A cyclist labours up the pedestrian/bike path near the
Riverside Museum. You've certainly got to admire
his determination when the city's so obviously telling him
to go about by car
Yet a family visit to the new Riverside Museum – part of an attempt to revive one of the areas worst hit by recent decades’ changes – revealed how far Glasgow goes out of its way to thwart anyone who abandons the car. In a short walk from Partick railway station to the museum, we had to pick our way across first a busy, two-lane road, then take a bridge across a four-lane expressway, before immediately crossing a second, five-lane road. The traffic lights’ pedestrian (and cyclist) phase took so long to come around it seemed like a calculated insult.

The area is not the only one so thoroughly given over to roads. Four thick, grey ribbons of tarmac – two carriageways of a trunk road and two motorway carriageways – wind their way across one stretch of the city’s south side that might, without them, stand some chance of revival as hip, inner-city neighbourhoods. North American readers unfamiliar with the city should picture the way Detroit’s urban freeways slice through its neighbourhoods to understand the effect.
 
A Glasgow-built Cunarder tram in the Riverside Museum:
the acme of British tram design, from a city about to take
a wholly different path
The irony is that, on reaching the museum, visitors discover how well Glasgow once provided far more human-scale types of mobility. The Riverside Museum is full of tramcars (trolleys, American readers) dating back to the days when the city’s public transport system was noted for its modernity and comfort. Exhibits are devoted to the city’s subway, opened in 1896, only the third urban underground anywhere in the world, to which my late father devoted the prime of his life. That public transport allowed the city to support large numbers of people in neighbourhoods densely-packed enough to support large numbers of shops, cinemas and other amenities. The tram tracks were ripped out and the urban motorways built in the same wave of modernisation during which Moses slashed Red Hook from Carroll Gardens with the Brooklyn Queens Expressway, severed Manhattan from its waterfront with the Henry Hudson Parkway and made suburban Long Island entirely car-dependent by building only expressways to serve new housing. There was certainly a need for some modernisation. In both Glasgow and New York, the post-war period saw the elimination of many notorious, dangerous, insanitary slums. It's simply hard looking at the end results to believe there wasn't a better way to achieve the goal.

I was particularly alive to the nature of Glasgow’s failure because during the trip I was reading 722 miles, Clifton Hood’s fine history of the building of New York’s subways. In it, he laments how after the first world war, John Hylan, the then-mayor, sponsored subway construction within then-built-up parts of the city but failed to keep extending the subways out to new, undeveloped areas. The result was that areas like Staten Island developed entirely differently from other bits of the city. As I can testify from personal experience, they remain dominated by wide roads full of fast-moving cars. It wasn’t hard to spot a similar process at work in Glasgow. Roads blight swathes of places like Partick, Kinning Park and other areas of the city that once held far higher numbers of people. The populations of those areas are now further away from the city centre in areas so thinly-spread it’s far easier for people to get about by car than by public transport or bicycle.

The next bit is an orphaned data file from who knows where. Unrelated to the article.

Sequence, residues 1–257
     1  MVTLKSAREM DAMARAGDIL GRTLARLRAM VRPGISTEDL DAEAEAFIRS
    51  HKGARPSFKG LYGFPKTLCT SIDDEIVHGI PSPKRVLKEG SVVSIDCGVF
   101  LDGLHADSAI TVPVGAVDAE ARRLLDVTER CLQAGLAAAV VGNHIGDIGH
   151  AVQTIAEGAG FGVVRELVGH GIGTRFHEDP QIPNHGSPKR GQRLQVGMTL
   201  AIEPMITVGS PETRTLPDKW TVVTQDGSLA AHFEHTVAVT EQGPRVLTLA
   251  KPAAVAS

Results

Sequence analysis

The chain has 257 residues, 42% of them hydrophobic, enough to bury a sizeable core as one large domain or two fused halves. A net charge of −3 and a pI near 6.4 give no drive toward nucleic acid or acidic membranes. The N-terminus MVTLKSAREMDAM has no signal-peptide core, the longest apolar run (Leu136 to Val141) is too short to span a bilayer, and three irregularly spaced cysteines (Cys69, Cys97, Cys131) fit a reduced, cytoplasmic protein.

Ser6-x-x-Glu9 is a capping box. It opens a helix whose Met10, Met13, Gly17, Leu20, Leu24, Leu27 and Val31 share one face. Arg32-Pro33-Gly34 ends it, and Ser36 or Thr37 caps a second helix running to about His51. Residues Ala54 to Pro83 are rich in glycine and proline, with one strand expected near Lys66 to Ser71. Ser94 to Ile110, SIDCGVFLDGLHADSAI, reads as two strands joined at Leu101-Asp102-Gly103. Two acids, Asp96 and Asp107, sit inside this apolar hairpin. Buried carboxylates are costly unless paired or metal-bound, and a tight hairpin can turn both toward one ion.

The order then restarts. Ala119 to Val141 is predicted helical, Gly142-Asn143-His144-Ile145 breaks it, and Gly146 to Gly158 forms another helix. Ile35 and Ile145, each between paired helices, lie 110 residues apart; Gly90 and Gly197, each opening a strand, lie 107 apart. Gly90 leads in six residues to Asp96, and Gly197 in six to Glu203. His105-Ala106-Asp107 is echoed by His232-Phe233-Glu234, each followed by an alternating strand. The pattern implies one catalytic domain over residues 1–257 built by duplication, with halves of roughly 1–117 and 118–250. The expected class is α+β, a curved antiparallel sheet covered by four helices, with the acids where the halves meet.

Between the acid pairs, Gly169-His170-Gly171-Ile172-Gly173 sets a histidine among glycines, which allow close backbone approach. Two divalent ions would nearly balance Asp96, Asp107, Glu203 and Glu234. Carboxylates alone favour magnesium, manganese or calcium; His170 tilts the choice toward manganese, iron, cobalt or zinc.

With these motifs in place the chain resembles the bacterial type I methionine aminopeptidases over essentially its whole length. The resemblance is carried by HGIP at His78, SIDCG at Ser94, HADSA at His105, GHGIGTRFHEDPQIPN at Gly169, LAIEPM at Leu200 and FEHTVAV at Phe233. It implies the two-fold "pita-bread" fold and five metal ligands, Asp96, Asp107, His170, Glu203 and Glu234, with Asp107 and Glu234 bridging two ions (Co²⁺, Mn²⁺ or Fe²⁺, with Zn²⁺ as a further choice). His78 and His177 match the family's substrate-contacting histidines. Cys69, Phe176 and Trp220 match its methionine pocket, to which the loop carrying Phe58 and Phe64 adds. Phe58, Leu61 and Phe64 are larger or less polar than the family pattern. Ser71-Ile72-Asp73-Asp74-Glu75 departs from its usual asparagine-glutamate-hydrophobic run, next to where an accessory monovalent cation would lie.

It occurred to me this evening as I cycled home from work that parts of New York remain as blighted by roads as parts of Glasgow. The thought came into my head as I pedalled frantically across the West Side highway – four carriageways of dense, fast-moving traffic – to reach the Hudson River Greenway before the massed ranks of cars started roaring towards me. Yet New York enjoys the enormous benefit that no politician – even the most anti-cyclist, pro-motorist – would seriously suggest building, say, a new arm of the Brooklyn Queens Expressway devastating a new bit of booming Williamsburg. No-one would suggest devastating Hoxton in London with a new motorway.
 
Gavin Dalzell rode this, the world's oldest surviving pedal
bicycle, now preserved in the Riverside Museum, in Glasgow.
With admirable consistency, the city gave him a hard time for doing so.
Glasgow, however, has more in common with struggling cities across the North of England and the US’s mid-west. There’s a desperate edge to some of the transport policy decisions, a feeling that the next city over might prove more car-friendly and attract a vital few investors that could make all the difference. The cities consequently try a bit of everything – some bike routes, some new rail lines, a hulking new urban motorway slicing five miles through a reviving urban neighbourhood. I feel enough affection for Glasgow to hope that the strategy works better than I fear. The city’s continued hollowing-out to facilitate car travel certainly isn’t preventing a revival in vibrant areas such as Hillhead.